Plastic Co Pte Ltd (‘Plastico’) is a Fiji company. The company has issued and paid up capital of $250,000 held in equal parts by two brothers. The company’s business involves making plastic products for the local market.


The brothers are planning to emigrate to New Zealand and wish to sell the company. An agreement in principle is reached for X to buy the company for $1 million. This is a cash sale.


Presume that you are wealthy and a longtime friend of X.


X comes to see you. She explains that she has in hand $800,000 (from her own savings and bank financing) and is short $200,000 to close the deal. X wants you to loan her $200,000. X has two specific proposals as follows.


Proposal One

Plastico is an old company. When founded it established its factory on the outskirts of Suva. Since that time Suva has grown and spread with the consequence that the land on which the factory stands is today much more valuable than when the factory was built. X has had the land valued at $300,000.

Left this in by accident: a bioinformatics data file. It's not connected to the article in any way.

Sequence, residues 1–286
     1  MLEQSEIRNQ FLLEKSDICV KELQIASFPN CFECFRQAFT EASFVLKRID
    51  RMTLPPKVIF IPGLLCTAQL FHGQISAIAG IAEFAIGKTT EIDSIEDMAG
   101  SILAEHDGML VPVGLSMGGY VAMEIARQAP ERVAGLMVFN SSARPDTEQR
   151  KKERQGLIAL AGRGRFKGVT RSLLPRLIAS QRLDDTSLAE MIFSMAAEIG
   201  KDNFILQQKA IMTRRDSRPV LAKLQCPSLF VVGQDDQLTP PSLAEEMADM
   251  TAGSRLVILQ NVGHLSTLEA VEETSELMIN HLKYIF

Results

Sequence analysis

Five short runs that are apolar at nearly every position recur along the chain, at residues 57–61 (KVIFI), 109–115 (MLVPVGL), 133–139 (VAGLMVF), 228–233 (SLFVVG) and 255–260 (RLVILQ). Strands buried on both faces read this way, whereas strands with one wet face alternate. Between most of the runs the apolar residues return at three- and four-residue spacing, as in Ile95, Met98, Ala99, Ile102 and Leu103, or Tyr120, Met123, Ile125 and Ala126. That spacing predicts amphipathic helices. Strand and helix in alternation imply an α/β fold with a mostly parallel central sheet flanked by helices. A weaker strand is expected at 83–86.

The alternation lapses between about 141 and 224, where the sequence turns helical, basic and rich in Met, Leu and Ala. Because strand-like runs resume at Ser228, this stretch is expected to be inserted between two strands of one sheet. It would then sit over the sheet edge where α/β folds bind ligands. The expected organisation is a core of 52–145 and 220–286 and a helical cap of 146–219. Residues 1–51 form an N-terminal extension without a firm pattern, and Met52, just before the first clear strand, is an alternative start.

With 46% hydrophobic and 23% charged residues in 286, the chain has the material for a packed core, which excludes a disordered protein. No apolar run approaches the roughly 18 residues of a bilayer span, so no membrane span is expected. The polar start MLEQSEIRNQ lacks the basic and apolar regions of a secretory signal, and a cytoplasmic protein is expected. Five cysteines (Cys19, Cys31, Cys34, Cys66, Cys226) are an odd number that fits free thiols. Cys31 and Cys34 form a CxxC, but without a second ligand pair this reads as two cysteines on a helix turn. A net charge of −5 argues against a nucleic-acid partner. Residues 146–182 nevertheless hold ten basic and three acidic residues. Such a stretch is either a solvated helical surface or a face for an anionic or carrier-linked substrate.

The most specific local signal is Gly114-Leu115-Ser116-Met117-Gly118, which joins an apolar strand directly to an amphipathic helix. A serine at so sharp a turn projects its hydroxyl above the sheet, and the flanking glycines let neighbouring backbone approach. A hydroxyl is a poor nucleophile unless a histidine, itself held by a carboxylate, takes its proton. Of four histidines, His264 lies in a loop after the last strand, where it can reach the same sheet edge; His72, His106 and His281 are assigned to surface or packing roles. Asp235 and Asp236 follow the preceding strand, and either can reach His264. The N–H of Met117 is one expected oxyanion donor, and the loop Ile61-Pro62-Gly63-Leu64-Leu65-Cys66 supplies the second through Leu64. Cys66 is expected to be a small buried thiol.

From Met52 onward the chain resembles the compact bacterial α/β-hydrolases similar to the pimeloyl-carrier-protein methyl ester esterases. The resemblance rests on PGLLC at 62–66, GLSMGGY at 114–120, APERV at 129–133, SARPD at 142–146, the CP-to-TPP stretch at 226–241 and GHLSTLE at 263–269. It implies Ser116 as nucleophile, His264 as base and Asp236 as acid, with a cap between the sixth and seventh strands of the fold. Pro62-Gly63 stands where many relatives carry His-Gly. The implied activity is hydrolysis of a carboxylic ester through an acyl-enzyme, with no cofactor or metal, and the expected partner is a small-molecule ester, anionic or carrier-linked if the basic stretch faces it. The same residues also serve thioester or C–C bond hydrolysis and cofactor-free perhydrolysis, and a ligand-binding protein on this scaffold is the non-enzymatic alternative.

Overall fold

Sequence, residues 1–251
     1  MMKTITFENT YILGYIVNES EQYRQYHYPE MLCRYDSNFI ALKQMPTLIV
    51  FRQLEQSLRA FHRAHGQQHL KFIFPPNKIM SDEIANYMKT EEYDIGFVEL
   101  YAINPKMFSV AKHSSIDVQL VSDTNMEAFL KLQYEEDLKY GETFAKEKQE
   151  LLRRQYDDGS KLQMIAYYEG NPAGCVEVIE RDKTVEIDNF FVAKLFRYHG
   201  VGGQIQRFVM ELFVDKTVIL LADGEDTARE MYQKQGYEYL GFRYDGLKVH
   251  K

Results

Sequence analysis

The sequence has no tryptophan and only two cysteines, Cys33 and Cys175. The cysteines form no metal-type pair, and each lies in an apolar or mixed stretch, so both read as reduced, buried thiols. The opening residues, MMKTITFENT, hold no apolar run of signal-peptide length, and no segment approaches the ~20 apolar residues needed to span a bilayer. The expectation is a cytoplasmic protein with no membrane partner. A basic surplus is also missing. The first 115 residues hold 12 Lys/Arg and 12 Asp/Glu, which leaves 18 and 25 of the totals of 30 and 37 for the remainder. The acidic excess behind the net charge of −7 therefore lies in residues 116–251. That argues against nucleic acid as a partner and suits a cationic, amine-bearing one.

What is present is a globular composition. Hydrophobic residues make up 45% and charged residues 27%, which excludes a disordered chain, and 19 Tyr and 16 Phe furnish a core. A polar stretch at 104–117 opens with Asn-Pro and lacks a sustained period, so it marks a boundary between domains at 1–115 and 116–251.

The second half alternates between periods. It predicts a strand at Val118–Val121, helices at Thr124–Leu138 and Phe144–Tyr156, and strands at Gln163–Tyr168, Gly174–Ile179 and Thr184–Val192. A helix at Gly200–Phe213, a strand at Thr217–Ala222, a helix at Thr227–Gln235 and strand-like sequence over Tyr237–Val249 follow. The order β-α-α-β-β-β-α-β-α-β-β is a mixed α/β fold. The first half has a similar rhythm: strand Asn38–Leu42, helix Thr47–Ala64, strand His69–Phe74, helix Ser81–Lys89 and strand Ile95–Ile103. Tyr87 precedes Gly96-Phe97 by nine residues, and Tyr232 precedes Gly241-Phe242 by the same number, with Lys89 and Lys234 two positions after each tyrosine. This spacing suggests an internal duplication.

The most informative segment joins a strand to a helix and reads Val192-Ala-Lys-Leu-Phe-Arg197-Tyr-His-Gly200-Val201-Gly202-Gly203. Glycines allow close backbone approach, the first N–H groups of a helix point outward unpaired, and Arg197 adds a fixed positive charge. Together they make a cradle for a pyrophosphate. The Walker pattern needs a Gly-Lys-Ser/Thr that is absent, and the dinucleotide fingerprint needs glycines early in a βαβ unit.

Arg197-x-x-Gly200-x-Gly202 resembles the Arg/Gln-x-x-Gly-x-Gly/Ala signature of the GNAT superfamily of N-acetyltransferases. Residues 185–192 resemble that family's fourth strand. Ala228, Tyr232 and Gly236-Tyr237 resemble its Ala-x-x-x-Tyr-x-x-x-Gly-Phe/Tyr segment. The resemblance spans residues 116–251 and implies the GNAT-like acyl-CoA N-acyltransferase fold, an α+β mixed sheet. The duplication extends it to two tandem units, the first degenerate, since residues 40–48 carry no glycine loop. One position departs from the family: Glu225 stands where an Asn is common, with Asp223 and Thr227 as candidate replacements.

X has found alternative factory premises on the outskirts of modern Suva that would be suitable for the company. These premises are for sale for $100,000.


X proposes that you lend her $200,000 for four months only. X will acquire Plastico. The company’s new directors, X and her husband, will have Plastico sell its current factory and relocate to the premises already identified. The relocation will provide net cash of $200,000. Plastico will then pay a dividend of $200,000. X will use the distribution to repay your loan.


Proposal Two

X proposes that you lend her $200,000. This will be a longer term loan of say 6 years to be paid down incrementally over the life of the loan. Plastico will retain its present factory premises. As security for the loan, Plastico’s new directors, X and her husband, will have Plastico grant you a first mortgage over the current factory premises. Given the valuation placed on the premises the loan will be almost risk free.

Further details of both proposals provide an attractive return for you on the financing.


Consider each proposal separately and in turn.
Does the proposal offend any of the capital maintenance rules?


[Note ‘agreement in principle’ refers to a situation where two parties have agreed on all the terms of a deal (i.e. contract) but have not yet formally committed to the deal. In this story the parties (X and the two brothers) will only sign the contact document detailing the agreement when X has lined up the required cash of $1 million.]

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